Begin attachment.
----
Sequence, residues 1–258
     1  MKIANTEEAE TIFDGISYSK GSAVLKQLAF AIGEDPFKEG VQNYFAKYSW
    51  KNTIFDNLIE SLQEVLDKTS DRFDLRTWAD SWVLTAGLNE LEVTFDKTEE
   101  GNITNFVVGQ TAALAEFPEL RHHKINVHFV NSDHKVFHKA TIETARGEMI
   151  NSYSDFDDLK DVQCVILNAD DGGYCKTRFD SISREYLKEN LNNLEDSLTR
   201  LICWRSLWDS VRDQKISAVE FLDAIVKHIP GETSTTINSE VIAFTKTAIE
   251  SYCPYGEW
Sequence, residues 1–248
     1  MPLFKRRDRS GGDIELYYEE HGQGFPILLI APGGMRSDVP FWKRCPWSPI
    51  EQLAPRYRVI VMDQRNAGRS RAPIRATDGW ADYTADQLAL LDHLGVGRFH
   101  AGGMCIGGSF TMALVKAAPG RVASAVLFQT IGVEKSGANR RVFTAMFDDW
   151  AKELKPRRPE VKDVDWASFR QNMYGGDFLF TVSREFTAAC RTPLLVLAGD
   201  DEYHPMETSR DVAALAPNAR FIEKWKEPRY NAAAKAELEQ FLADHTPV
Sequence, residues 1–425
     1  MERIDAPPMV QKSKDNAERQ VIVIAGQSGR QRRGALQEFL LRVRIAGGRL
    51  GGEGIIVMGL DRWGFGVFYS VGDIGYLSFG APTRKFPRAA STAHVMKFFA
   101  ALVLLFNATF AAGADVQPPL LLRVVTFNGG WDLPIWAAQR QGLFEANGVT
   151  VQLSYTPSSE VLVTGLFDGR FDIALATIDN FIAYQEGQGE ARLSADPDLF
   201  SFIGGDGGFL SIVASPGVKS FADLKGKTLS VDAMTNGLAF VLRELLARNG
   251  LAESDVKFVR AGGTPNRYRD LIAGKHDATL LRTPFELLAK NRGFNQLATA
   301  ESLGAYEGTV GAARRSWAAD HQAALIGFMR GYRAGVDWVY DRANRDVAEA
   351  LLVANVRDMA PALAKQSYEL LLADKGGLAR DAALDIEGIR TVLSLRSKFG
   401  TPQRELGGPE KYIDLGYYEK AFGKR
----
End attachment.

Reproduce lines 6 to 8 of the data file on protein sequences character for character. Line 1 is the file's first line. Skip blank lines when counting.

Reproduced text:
   201  LICWRSLWDS VRDQKISAVE FLDAIVKHIP GETSTTINSE VIAFTKTAIE
   251  SYCPYGEW
Sequence, residues 1–248